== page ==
Experts trace the modern history of three quarter homes in NYC to the public policies of former mayor Michael Bloomberg.  Bloomberg advocated for reducing the city’s homeless shelter rolls, without providing any additional housing for the people expelled from the shelters.  Three quarter homes were developed out of necessity to fill the housing gap for low income residents of NYC.  Three quarter homes are not sanctioned by the City–they are not up to code and they are of shoddy quality–but they provided an alternative to sleeping on the streets for many people experiencing homelessness in the past few decades.

The City of New York has pledged $5 million to repair three quarter homes and bring them up to the building code and move people into higher quality housing.  Let’s hope the pledge doesn’t dissipate before the next election cycle!

Redlining And Homelessness

homelessness, Housing Policy, Racism

Redlining is the practice of denying services and/or capital to the residents of a neighborhood based on the residents’ race and ethnicity. The practice began in the 1930s when government sanctioned city planners (and later private sector entities) drew red lines around neighborhoods that they believed were inferior because of the racial makeup of the neighborhood. These red lined areas represented areas where government officials planned to withhold services and capital and sustain racially segregated cities and suburbs. It was a very transparent, unapologetically racist strategy for reducing the supply of quality housing for people of color. This system perpetuated housing inequality early on in the nation’s history, promoting and contributing to a high risk of homelessness for people of color.  And while this practice has historical origins, it is still a rampant problem in the United States of America.  The recent lawsuit against Associated Banks shows us how prevalent these despicable practices still are and how they hurt the quest for housing equality for all Americans.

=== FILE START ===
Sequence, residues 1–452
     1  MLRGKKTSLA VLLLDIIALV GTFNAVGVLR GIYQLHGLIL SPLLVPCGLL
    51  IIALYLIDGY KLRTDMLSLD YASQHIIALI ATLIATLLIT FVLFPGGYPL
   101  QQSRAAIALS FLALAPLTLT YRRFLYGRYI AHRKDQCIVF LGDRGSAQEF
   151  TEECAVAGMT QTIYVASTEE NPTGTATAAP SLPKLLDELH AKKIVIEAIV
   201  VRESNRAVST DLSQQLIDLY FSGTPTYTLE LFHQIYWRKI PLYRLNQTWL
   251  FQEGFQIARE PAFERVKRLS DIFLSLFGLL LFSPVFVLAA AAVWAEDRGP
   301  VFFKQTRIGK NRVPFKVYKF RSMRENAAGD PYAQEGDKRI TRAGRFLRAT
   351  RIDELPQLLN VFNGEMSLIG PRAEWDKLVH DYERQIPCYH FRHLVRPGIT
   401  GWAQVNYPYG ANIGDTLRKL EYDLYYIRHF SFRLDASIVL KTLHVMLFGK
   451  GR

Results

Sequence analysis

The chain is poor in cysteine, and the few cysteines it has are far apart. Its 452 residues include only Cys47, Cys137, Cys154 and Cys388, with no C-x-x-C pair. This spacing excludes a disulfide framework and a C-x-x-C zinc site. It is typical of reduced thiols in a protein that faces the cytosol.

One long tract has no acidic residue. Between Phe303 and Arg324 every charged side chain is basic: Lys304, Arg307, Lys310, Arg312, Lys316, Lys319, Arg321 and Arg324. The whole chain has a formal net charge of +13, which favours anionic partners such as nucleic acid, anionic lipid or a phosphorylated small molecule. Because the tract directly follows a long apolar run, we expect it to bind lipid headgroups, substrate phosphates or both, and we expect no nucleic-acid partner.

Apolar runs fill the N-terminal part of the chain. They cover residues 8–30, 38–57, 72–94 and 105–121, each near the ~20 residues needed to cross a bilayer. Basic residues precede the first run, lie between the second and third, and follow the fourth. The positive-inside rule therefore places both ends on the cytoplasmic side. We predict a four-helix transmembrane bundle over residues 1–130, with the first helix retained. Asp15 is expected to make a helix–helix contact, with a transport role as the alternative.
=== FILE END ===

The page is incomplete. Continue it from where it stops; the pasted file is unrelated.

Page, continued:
Comedian Larry Wilmore, host of Comedy Central’s The Nightly Show,  recently ran a segment on redlining practices in America.  While the tone of the video clip is comedic in nature, Wilmore disseminates vital information about redlining in an engaging manner.  If you are interested in how institutional racism has affected homelessness and housing inequality this is a good video to watch. Check it out….

CLICK HERE to watch Larry Wilmore’s brief history of redlining on the Nightly Show

For more information on redlining in the past and present check out these sources:

“Redlining: Still A Thing,” by Emily Badger. The Washington Post. 28 May 2015: http://wapo.st/1LLPu5r

“The Racist Housing Policy That Made Your Neighborhood,” by Alexis Madrigal. The Atlantic. 22 May 2014:  http://www.theatlantic.com/business/archive/2014/05/the-racist-housing-policy-that-made-your-neighborhood/371439/

Dreier, Peter. “Redlining cities: How banks color community development.” Challenge (1991): 15-23. http://scholar.oxy.edu/cgi/viewcontent.cgi?article=1357&context=uep_faculty&sei-redir=1&referer=https%3A%2F%2Fscholar.google.com%2Fscholar%3Fstart%3D50%26q%3Dred%2Blining%26hl%3Den%26as_sdt%3D0%2C5#search=%22red%20lining%22

Rice, Willy E. “Race, Gender, Redlining, and the Discriminatory Access to Loans, Credit, and Insurance: An Historical and Empirical Analysis of Consumers Who Sued Lenders and Insurers in Federal and State Courts, 1950-1995.” San Diego L. Rev. 33 (1996): 583.    http://repository.law.ttu.edu/bitstream/handle/10601/73/rice2.pdf?sequence=1&isAllowed=y

City of Los Angeles Further Criminalizes Homelessness

Homlessness, Los Angeles